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u/JanePoe87 · 4 pointsr/GoldandBlack

There’s an interesting interview over at Jacobin Magazine of Daniel Zamora, who has written a book about Michel Foucault’s fascination with neoliberalism in the latter stages of his intellectual life. The whole thing is worth a read, but there are a few parts that stand out:

>Foucault was highly attracted to economic liberalism: he saw in it the possibility of a form of governmentality that was much less normative and authoritarian than the socialist and communist left, which he saw as totally obsolete. He especially saw in neoliberalism a “much less bureaucratic” and “much less disciplinarian” form of politics than that offered by the postwar welfare state. He seemed to imagine a neoliberalism that wouldn’t project its anthropological models on the individual, that would offer individuals greater autonomy vis-à-vis the state….
Foucault was one of the first to really take the neoliberal texts seriously and to read them rigorously. Before him, those intellectual products were generally dismissed, perceived as simple propaganda. For Lagasnerie, Foucault exploded the symbolic barrier that had been built up by the intellectual left against the neoliberal tradition.
Sequestered in the usual sectarianism of the academic world, no stimulating reading had existed that took into consideration the arguments of Friedrich HayekGary Becker, or Milton Friedman. On this point, one can only agree with Lagasnerie: Foucault allowed us to read and understand these authors, to discover in them a complex and stimulating body of thought. On that point I totally agree with him. It’s undeniable that Foucault always took pains to inquire into theoretical corpuses of widely differing horizons and to constantly question his own ideas.
The intellectual left unfortunately has not always managed to do likewise. It has often remained trapped in a “school” attitude, refusing a priori to consider or debate ideas and traditions that start from different premises than its own. It’s a very damaging attitude. One finds oneself dealing with people who’ve practically never read the intellectual founding fathers of the political ideology they’re supposedly attacking! Their knowledge is often limited to a few reductive commonplaces.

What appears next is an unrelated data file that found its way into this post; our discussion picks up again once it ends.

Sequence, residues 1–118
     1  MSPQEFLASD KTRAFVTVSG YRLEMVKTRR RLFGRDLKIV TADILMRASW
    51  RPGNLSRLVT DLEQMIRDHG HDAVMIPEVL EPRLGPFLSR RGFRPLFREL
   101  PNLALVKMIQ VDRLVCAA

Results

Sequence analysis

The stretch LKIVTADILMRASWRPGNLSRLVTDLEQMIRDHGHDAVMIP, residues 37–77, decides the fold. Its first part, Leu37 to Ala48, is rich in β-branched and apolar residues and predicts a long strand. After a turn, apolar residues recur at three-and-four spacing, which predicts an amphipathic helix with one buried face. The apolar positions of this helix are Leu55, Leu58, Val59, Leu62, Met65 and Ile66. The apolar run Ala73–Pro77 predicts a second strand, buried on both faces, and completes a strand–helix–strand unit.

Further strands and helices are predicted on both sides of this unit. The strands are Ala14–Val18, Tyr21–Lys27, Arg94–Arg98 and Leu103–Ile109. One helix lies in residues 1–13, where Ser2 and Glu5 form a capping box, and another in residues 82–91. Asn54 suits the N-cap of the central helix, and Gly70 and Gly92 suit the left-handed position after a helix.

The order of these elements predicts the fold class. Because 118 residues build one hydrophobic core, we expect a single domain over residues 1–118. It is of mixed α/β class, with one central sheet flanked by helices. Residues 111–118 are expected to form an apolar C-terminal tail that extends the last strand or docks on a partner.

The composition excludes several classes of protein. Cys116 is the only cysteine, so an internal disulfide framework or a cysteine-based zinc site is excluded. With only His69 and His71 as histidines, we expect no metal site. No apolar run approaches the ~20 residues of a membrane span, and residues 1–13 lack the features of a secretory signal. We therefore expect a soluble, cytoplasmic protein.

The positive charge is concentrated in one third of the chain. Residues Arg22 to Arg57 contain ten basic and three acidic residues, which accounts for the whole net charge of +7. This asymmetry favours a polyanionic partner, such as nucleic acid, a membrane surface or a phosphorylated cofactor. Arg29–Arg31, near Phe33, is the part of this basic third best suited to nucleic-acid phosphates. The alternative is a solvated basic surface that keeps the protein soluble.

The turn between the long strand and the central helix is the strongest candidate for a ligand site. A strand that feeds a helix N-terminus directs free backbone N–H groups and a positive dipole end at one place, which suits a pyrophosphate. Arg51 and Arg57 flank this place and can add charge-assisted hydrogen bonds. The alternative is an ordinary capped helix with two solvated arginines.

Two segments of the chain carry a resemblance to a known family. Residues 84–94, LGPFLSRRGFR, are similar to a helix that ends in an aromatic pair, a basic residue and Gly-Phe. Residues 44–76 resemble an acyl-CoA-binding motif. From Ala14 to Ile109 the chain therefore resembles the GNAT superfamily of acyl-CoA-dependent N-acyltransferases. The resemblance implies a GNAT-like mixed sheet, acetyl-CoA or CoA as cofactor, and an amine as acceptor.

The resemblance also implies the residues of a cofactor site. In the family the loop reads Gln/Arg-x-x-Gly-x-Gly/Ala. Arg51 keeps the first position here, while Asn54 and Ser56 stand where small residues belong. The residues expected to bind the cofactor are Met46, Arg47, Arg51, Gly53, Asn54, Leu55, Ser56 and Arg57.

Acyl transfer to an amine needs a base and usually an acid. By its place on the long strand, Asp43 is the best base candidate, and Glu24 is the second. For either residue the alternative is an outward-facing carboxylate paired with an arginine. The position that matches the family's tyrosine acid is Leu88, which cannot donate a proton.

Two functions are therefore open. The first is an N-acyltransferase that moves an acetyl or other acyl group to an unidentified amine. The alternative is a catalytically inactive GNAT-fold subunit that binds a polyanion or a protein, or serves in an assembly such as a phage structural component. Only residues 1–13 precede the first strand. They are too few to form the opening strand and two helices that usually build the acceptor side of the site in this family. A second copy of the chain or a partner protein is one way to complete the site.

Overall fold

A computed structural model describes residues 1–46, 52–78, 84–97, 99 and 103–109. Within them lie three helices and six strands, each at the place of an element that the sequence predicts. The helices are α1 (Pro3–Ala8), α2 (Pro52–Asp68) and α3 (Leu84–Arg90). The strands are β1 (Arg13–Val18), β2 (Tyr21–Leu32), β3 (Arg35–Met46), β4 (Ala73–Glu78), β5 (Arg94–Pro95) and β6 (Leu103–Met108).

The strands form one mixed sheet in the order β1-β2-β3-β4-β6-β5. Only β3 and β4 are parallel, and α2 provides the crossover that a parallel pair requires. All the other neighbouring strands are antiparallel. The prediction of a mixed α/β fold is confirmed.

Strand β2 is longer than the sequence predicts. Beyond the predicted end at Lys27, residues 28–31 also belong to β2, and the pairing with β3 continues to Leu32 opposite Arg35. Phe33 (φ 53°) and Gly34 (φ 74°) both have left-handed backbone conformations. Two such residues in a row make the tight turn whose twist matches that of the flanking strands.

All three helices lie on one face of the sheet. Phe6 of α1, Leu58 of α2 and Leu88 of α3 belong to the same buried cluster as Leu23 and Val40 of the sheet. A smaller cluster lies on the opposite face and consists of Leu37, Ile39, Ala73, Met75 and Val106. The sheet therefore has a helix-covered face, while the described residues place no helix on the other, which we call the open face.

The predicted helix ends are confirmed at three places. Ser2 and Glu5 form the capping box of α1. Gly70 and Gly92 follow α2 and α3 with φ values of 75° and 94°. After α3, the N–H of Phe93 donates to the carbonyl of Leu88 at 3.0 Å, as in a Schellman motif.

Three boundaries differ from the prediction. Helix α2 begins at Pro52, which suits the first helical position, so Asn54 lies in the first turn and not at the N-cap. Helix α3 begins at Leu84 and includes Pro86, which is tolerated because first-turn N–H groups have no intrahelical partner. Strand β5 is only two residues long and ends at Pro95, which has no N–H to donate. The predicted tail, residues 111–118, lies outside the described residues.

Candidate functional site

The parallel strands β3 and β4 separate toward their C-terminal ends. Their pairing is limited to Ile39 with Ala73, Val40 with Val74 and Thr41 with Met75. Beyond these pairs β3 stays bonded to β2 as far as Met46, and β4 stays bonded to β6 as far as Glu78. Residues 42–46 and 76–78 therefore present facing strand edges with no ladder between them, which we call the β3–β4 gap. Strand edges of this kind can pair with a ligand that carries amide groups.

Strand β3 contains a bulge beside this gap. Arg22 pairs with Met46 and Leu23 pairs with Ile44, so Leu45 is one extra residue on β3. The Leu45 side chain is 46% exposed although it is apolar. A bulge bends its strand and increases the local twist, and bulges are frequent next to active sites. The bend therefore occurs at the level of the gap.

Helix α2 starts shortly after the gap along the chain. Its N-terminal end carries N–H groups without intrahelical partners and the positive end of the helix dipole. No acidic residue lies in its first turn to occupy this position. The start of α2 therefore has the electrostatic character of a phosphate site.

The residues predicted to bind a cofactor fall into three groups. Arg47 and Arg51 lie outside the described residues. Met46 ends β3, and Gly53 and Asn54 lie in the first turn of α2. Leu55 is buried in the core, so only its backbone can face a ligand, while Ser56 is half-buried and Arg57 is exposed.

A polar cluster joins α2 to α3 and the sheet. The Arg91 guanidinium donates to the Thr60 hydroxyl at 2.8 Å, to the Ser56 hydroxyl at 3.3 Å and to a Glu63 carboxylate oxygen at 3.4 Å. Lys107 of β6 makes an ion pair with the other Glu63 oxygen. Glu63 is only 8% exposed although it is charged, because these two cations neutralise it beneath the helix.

The irony is that Zamora may well be correct in his critique of the “intellectual left,” but as Reason’s Brian Doherty points out, intellectuals outside the left have been quite happy to plumb the depths of neoliberal thinking (though one could argue that the intellectual right has its own bugaboos… such as reading Foucault without mocking him).

Indeed, one could argue that we’re in the middle of a golden age of serious intellectual histories of the topic. Angus Burgin’s “The Great Persuasion,” Daniel Stedman Jones’s “Masters of the Universe,” and Jennifer Burns’s “Goddess of the Market” have all recently looked at how free market advocates managed to emerge from World War II to advance a set of ideas that became intellectually dominant a half-century later. The great thing about these intellectual histories is that they take the ideas and the progenitors of the ideas seriously, without being either hagiographic or oppositional.

Zamora’s interview closes with his pretty astute observation about Foucault’s significance in today’s academy:

>[I]t seems to me that relations of power within the academic field have changed considerably since the end of the 1970s: after the decline of Marxism, Foucault occupied a central place. In reality, he offers a comfortable position that allows a certain degree of subversion to be introduced without detracting from the codes of the academy. Mobilizing Foucault is relatively valued, it often allows his defenders to get published in prestigious journals, to join wide intellectual networks, to publish books, etc.
Very wide swaths of the intellectual world refer to Foucault in their work and have him saying everything and its opposite.

One of the virtues of teaching at a policy school is that Foucault is not quite as central to scholarly conversations as in traditional humanities departments. That said, Zamora’s observation rings true — which is why conservatives should embrace him and his work. From a conservative perspective, the great thing about Foucault’s writing is that it is more plastic than Marx, and far less economically subversive. Academics rooted in Foucauldian thought are far more compatible with neoliberalism than the old Marxist academics.